Understanding a Beer Yeast Data Sheet

by Brad Smith on April 6, 2022 · 2 comments

This week I take a look at the key components of a brewing yeast data sheet and how to apply them when brewing beer.

Yeast Data Sheets

With the explosion of information available to home brewers, many yeast labs are now providing detailed data on the performance of their yeast strains. Virtually all yeast labs provide the basic data on their yeast strains, but I will also cover more advanced data you can often find from many labs with a bit more digging.

Basic Yeast Data

Here’s a summary of the basic yeast parameters that virtually all labs provide:

  • Attenuation – Typically listed as apparent attenuation, this parameter provides the percent of the sugars or gravity points you can expect to ferment into alcohol. High attenuation yeasts will generally ferment more sugars leaving a drier, less malty finish.
  • Temperature Range – This is the recommended temperature range for fermentation. Fermenting within this range will result in the best performance in terms of fermentation and also flavor. Fermenting too hot can result in off flavors including esters and fusel alcohols, while fermenting too cold can result in poor yeast performance.
  • Flocculation – A measure of how quickly the yeast drops out of solution after completing fermentation. High flocculation yeasts generally will mature and drop out more quickly while low flocculation yeasts can require an extended maturation period.
  • Alcohol Tolerance – A measure of how much alcohol by volume the yeast can tolerate. Many beer yeasts have low alcohol tolerance in the 5-10% range that make them unsuitable for very high gravity beers, so you need to pay attention to this parameter if brewing a high gravity beverage.

Advanced Yeast Data

While this data can be more difficult to find, many of the top labs have it available if you ask. Typically this data is collected by brewing an in-style beer and measuring yeast performance and byproducts from the fermentation.

  • Isoamyl Alcohol/Acetate – A commonly produced ester in beer which has a flavor like pear blossoms or bananas in small quantities. This is an indicator of overall ester profile for the yeast.
  • Acetaldehyde – An intermediate compound produced during fermentation with a flavor and aroma of green apples.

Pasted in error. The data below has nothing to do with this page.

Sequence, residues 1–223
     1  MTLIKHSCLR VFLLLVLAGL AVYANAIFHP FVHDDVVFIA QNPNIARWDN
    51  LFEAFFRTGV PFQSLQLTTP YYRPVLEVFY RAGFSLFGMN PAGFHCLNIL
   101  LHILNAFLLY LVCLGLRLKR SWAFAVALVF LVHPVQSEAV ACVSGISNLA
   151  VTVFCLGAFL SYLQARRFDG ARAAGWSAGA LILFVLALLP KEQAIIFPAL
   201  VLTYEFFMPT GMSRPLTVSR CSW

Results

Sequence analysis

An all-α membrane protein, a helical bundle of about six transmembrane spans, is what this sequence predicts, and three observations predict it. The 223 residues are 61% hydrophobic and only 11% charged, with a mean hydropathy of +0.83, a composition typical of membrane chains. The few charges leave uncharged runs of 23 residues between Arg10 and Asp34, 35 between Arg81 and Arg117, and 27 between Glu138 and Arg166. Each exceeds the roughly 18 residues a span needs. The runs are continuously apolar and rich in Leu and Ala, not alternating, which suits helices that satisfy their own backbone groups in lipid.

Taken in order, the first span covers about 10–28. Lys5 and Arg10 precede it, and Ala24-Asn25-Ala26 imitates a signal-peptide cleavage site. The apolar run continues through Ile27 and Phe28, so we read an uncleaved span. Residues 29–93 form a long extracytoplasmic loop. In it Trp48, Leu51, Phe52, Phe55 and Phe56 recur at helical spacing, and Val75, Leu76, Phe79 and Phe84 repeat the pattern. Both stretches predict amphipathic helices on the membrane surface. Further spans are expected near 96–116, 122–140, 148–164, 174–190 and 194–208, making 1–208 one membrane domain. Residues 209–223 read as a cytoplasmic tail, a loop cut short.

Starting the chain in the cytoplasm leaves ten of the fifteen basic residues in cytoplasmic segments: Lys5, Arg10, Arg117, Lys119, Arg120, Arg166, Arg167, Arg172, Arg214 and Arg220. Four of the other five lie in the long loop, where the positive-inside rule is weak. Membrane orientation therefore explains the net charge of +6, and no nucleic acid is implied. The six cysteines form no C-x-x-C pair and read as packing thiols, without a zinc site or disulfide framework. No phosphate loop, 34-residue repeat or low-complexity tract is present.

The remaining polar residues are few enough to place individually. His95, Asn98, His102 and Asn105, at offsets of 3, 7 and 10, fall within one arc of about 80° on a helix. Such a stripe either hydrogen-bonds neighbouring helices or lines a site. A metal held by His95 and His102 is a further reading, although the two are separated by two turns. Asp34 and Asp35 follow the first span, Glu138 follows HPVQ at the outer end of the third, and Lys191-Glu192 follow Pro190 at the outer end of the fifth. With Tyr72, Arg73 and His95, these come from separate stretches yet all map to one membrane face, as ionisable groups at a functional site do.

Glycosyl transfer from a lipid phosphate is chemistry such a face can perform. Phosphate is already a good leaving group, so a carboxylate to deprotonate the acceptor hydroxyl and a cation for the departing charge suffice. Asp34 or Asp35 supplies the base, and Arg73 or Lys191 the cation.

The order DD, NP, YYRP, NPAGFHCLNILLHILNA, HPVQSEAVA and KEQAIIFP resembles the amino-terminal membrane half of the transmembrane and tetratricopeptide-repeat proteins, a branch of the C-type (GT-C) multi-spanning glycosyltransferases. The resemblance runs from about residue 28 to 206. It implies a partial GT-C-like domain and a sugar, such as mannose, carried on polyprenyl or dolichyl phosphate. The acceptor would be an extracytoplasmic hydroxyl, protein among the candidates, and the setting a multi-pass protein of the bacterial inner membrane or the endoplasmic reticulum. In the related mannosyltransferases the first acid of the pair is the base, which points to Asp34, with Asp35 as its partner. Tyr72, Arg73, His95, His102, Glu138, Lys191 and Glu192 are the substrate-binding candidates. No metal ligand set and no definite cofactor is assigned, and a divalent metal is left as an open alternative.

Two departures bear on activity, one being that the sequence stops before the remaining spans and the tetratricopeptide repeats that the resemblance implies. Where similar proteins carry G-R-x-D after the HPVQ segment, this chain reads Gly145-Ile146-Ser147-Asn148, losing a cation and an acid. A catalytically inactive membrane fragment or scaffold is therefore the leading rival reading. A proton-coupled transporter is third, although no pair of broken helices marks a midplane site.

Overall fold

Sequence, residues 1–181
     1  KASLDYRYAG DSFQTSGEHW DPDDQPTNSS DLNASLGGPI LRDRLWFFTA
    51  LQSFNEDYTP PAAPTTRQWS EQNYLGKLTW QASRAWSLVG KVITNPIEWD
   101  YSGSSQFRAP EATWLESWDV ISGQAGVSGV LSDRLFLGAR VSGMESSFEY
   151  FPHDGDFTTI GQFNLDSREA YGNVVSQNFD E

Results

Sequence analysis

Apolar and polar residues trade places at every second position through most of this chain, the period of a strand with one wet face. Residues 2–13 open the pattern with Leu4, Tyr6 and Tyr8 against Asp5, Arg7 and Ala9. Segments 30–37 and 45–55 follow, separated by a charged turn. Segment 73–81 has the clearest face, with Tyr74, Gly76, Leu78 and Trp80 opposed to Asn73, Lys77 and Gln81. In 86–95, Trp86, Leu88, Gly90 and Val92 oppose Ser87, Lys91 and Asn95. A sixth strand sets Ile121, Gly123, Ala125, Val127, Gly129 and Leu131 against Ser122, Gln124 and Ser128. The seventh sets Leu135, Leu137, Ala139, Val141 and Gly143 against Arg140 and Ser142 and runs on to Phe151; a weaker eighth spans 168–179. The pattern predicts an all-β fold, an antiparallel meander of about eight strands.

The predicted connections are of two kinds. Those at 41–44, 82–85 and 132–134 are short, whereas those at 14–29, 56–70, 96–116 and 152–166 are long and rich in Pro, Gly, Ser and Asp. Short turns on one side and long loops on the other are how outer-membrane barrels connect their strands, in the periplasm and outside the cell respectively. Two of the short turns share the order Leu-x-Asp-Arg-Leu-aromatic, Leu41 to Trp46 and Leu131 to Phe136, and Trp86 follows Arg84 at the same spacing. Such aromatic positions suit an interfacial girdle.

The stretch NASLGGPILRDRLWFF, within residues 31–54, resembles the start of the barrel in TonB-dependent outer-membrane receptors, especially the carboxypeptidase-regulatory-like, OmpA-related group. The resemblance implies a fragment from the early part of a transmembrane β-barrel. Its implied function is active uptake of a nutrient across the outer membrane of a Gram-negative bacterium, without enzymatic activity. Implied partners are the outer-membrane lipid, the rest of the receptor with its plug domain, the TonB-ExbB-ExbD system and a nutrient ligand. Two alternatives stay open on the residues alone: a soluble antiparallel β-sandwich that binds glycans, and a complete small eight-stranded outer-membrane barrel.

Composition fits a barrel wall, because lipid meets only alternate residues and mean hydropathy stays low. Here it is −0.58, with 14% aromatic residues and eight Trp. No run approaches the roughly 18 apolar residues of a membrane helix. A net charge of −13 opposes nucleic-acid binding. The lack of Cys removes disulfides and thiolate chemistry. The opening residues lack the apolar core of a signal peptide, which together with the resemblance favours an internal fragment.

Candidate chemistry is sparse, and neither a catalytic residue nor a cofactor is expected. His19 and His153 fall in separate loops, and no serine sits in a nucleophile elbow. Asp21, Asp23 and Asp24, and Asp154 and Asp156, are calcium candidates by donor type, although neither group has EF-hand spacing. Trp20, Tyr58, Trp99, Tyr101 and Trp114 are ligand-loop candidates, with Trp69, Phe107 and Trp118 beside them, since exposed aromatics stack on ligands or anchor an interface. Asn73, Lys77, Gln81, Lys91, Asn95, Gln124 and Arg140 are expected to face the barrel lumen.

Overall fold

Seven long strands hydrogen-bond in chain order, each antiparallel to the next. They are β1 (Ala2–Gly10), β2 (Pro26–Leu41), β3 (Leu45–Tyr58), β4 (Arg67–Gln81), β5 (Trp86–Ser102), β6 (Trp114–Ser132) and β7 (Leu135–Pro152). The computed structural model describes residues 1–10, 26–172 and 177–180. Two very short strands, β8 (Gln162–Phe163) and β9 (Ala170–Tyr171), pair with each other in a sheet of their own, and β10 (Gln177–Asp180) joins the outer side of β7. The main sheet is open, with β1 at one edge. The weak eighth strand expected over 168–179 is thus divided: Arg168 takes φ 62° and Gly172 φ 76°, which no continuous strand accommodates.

• Ethyl Acetate – A strong common ester in beer which will have a fruity flavor in small quantities but can take on a solvent flavor at higher levels.
  • 2.3 Pentainedione – A Vicinel Diketone (VDK like diactyl) which gives a honey like flavor but has a lower flavor threshold. Can be reduced by using a diacetyl rest.
  • Diacetyl – Another VDK that has a buttery/popcorn flavor in the finished beer. Can be reduced by using a diacetyl rest.
  • 1-Propanol – A higher order fusel alcohol that gives off a strong alcoholic odor or solvent like flavor (like moonshine).
  • Ethanol – Simply the alcohol by volume for the test batch
  • Hours to 50% – a measure of the time it takes to reach 50% completion in the fermentation. A measure of how quickly the yeast ferments out.

Comparing Yeasts

The above data can be used to compare yeast strain performance. This includes simple comparison of parameters like attenuation and more advanced comparisons such as selecting yeasts based on ester profiles. In my advanced Designing Beer course we walk through several of these comparisons to help students understand the significant differences between similar yeast strains. If you do this analysis ahead of time, you can make more intelligent yeast strain selections before you brew.

I hope you enjoyed this week’s article from the BeerSmith Home Brewing Blog. Please subscribe for regular weekly delivery, and don’t hesitate to leave a comment or send this article to a friend.

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{ 2 comments… read them below or add one }

Dave King April 7, 2022 at 10:59 am

Good review article, Brad. You really put it together, great for a range of brewers. Thanks,


Beer Snobs May 12, 2022 at 10:18 am

I’ve been meaning to start home brewing, but it’s always the yeast and how to actually make the most use of it that stalls me from doing anything. This is definitely going on my “to read” list. Thank you!

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